Peter King’s Monday Morning Quarterback columns are usually full of nuggets and tidbits, and, while traveling to Tom Brady’s Montana hideaway to take in Brady’s explanation of how the New England Patriots put together the greatest comeback in Super Bowl history is worth reading, it’s not our focal point.
Yes, you’ll want to read Monday’s installment, which includes an update about Brady’s health (he says he’s 100 percent), how he handled being down big at halftime, and the precise moment Brady knew his team was back in the game.
However, for our purposes, let’s focus on the future of Brady’s backup. Because King writes that he believes Jimmy Garoppolo will not be traded this offseason, despite all the obvious reasons that would point to a deal getting done. King attempts to think like Patriots boss Bill Belichick in an attempt to make sense of standing pat with Garoppolo as New England’s No. 2 quarterback.
First, he opines Belichick might believe Garoppolo is the first player suited to be the team’s next long-term solution at the position in the 17 seasons since the Patriots drafted Brady. Second, King lays out a thought process in which Belichick would rather have a quarterback familiar with his roster and scheme in case of an emergency than the first-round pick Garoppolo could possibly fetch in a deal.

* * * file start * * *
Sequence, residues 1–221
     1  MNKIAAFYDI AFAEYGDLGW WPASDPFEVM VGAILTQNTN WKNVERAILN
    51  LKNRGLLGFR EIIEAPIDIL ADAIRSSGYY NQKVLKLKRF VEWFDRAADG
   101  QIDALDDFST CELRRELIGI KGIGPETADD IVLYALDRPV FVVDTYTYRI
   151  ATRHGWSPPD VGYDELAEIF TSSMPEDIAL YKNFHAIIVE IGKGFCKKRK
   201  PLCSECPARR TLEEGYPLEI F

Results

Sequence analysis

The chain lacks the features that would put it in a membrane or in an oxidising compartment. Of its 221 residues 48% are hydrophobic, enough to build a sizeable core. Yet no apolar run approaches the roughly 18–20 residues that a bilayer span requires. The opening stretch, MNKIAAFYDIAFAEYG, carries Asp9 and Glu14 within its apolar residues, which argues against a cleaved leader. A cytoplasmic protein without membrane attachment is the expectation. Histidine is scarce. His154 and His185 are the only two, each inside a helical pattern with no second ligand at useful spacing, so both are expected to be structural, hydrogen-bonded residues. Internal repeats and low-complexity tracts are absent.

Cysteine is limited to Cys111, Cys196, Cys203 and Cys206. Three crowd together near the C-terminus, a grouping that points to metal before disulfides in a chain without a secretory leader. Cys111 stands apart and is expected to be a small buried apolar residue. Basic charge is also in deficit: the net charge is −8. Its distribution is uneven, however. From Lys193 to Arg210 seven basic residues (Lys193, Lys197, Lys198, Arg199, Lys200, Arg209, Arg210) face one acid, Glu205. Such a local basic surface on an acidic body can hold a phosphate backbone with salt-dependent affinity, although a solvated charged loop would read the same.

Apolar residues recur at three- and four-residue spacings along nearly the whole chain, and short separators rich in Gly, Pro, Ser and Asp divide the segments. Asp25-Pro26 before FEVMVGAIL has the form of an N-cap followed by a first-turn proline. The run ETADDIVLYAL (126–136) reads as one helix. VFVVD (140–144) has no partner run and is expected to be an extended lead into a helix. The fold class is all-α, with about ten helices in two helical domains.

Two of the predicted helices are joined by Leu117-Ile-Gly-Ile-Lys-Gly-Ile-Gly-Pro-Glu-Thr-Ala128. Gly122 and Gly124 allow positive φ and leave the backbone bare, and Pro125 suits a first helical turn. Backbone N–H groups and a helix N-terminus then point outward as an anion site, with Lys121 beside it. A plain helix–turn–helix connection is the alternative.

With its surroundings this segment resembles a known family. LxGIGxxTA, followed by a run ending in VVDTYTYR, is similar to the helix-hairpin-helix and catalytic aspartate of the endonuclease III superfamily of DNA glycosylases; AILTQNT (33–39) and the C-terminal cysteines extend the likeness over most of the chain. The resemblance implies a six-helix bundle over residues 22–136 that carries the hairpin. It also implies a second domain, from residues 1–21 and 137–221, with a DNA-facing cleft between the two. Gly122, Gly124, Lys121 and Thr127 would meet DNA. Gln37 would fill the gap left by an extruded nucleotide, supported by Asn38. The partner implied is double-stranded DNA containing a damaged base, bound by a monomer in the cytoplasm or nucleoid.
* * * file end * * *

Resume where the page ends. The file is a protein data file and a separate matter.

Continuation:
King’s portrayal of Belichickian logic is sensible on both fronts, which suggests things can become complicated for front offices pinning their hopes on acquiring Garoppolo in a trade. If King turns out to be correct, it throws a wrench in a bunch of offseason plans … for the Bears and other teams. Or it could lead to a team getting really desperate and blowing the doors of with a Godfather-style offer Bill Belichick can’t refuse.
Hopefully the Bears, who’ve reportedly made Garoppolo their top offseason priority, won’t go quite that far.
More from the Garoppolo rumor mill …
- Among the most viable contenders to make a trade for the man, the Bears might land among the favorites, in part, because of their in-depth look at Garoppolo. Adam Hoge of WGN points out that while other teams only have six quarters of meaningful game tape on Garoppolo, GM Ryan Pace and head coach John Fox have three days of up-close practice reps last year on which to judge the New England backup. And remember, Garoppolo was splitting first-team reps as the Patriots prepared to play without Brady for four games to begin the 2016 season. The teams have already come together on three trades in Pace’s time in Chicago (Martellus Bennett, Jon Bostic, Ryan Groy) and familiarity can always be helpful in trade talks.
- Garoppolo has his own bit of leverage, too, since teams dealing for him will likely want to commit to an extension after parting with draft picks for a player otherwise under control only one year. Hoge writes Garoppolo could have some say where he ends up because teams are more likely to offer more in a trade for a player who will be a long-term fixture. Now, imagine Garoppolo letting the Browns know he won’t sign an extension if traded to Cleveland. It’s the kind of decision that could move that particular team out of the picture.